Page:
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The public execution of a software tester

October 30, 2018

I usually write about proper testing issues. This time I decided to write about something that actually happened to me.

 

A few years ago the company I worked for acquired a company of the same business - toolbars.
To check the new product efficiency, we redirected its statistics to our DB, to a table similar to the one we used.
The idea was that each search the user performs is registered, including the source: was the search done through the toolbar search box, through the browser's address bar, new tab, etc.
The flow was that when you performed a search, the toolbar added the source to the URL. For example, you searched for the word "dog" from the new tab, the search was performed and you would see the results just like in Google search, and the URL also had a param like source=NewTab (or source=AddressBar in case the search was via the address bar, etc.).

 

I was asked by the server-side programming team leader to insert to the browser's address bar a set of URLs with different sources to verify it is updating the DB correctly.
I prepared an Excel sheet with relevant test cases (links) and started the tests: copying the prepared URLs with different values in the source parameter. 

 

Right away I saw the new table is not an exact copy of the regular table - it missed a few columns. I asked the programmer if this is the design (nothing was written) and if so did his team leader approved. He confirmed it is approved.

I finished the tests, all passed and so it was deployed to the production.
But then, the stats were very strange: all searches indicated they were performed from the toolbar search box, which didn't make sense. Also, some data was missing (users were not affected by all of this).

 

After analysis, we found the reason:
1. the source was incorrect not because the URL didn't update the DB correctly, but because the 3rd party product had a bug that caused it - whatever the source was, it was indicated that the search was done from the toolbar search box.
2. The data that was missing, was due to the fact that the new table was missing some columns.

Our CEO was very pissed off, and he directed his anger in towards one party and one party alone: the tester, that is... me. Moreover, we had a company meeting on the very same day, and the CEO decided to share his frustration and said that there is something wrong with the QA and changes must be done.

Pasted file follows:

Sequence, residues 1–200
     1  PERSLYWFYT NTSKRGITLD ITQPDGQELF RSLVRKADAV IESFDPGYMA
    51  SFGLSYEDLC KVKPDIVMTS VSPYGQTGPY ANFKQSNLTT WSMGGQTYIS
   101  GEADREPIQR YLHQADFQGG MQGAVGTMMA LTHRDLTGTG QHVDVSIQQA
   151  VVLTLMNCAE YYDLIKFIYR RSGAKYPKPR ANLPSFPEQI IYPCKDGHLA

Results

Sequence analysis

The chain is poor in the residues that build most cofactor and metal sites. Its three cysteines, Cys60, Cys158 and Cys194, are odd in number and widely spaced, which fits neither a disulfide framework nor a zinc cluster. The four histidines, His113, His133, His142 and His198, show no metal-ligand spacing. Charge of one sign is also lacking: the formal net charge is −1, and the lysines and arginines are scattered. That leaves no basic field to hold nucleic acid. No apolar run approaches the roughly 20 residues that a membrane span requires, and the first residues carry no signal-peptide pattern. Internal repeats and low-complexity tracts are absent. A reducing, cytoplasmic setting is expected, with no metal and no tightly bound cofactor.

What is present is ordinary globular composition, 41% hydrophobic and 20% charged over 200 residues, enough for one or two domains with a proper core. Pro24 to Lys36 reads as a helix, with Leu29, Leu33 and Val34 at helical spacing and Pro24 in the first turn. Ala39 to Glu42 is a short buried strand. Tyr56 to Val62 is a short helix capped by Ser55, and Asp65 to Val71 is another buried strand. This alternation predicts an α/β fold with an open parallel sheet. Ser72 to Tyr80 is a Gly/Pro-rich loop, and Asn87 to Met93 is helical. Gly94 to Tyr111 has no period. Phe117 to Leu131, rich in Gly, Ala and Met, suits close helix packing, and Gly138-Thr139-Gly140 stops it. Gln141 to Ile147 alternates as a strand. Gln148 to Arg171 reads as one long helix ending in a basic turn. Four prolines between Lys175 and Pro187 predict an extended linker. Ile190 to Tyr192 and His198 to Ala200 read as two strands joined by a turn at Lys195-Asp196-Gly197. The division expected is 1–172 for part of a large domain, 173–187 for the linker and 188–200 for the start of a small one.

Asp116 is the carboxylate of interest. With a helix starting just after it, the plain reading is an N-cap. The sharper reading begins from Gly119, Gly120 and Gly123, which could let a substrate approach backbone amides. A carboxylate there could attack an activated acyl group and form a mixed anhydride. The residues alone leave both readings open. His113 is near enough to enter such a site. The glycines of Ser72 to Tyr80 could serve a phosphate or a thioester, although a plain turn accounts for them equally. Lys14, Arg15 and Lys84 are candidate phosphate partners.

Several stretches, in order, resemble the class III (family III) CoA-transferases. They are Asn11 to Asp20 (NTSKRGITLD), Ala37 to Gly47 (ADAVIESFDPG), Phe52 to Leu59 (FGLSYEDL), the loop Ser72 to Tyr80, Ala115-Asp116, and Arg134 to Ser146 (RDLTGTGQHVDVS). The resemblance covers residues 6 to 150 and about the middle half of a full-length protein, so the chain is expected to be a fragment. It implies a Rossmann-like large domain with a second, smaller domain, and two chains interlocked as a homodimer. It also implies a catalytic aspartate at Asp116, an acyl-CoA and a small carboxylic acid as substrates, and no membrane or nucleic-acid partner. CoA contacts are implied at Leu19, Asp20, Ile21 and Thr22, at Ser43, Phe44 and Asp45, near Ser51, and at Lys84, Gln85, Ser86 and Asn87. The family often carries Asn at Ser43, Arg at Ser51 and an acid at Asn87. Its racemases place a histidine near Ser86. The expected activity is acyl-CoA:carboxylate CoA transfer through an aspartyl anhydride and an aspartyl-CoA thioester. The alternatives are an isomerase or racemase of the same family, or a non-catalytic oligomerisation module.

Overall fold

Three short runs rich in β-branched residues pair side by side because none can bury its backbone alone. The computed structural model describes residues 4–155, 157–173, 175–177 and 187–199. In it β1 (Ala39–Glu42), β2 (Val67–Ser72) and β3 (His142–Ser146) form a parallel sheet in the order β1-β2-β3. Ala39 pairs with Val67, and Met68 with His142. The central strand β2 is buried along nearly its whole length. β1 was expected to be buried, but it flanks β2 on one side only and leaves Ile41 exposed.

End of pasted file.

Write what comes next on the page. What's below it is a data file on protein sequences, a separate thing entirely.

To my surprise, neither the programmer nor his team leader stood up as I expected.  I expected the team leader to say that he gave me the mission and the mission didn't include 3rd party tests, and the missing columns were his idea (he wanted to save traffic and storage). I expected that the programmer would say that I did notice the missing columns but this was the mission he got.
From my POV, I did nothing wrong. I performed the mission, what I determine that is working actually worked, and I noticed the table change. Also, it is not trivial that testing should also test the 3rd party.

 

I felt hurt. I invested a lot in this place, and I felt I contributed significantly. I thought I was mistreated and also felt angry at the CEO and the team leader.

 

But, what was I to do? This is what I did, and I think it was the right move.
Saying something like: talk to my manager (my direct manager was not at the office that day) was an easy way out and a legit one, and would take the pressure off. But I was seen as a test expert, someone with an opinion, someone to be taken seriously. Saying that would belittle me. So this was off the table.
The second way was to start answering the CEO in the meeting and blame (what I see as) the one responsible for the failure.
But that would only start an argument in the meeting, and worse: I would look like I am also participating in the blame game.

So all I said was that in many cases the mistake is not only in one party and if we want to make this situation somewhat positive, a real lesson-learned process needs to be done (which never happen).


After a while, two people that were passive attendees in the meeting talked to me about it. One that just started working in the company at the time said that she was appalled by the way the CEO crucified me in front of everyone. Even if I was mistaken, it shouldn't be public. The second one said he understood what I was going through, and highly appreciated the fact that I didn't start an argument.

 

Thinking about it, I did learned something: always challenge the assumptions! (and trust no one).
 

What do you think? Was the missed bug my fault? Did I behave correctly?

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